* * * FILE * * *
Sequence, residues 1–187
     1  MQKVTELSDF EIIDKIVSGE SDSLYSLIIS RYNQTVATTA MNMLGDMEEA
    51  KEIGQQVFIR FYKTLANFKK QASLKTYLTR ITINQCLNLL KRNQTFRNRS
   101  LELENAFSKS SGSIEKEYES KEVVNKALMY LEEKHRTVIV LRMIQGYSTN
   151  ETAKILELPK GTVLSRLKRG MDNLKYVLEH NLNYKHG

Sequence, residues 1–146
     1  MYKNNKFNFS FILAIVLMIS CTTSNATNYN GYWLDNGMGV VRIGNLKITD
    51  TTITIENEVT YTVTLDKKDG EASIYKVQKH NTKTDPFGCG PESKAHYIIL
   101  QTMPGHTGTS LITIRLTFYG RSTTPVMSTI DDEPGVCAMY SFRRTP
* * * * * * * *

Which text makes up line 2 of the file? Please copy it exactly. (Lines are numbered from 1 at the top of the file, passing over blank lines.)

     1  MQKVTELSDF EIIDKIVSGE SDSLYSLIIS RYNQTVATTA MNMLGDMEEA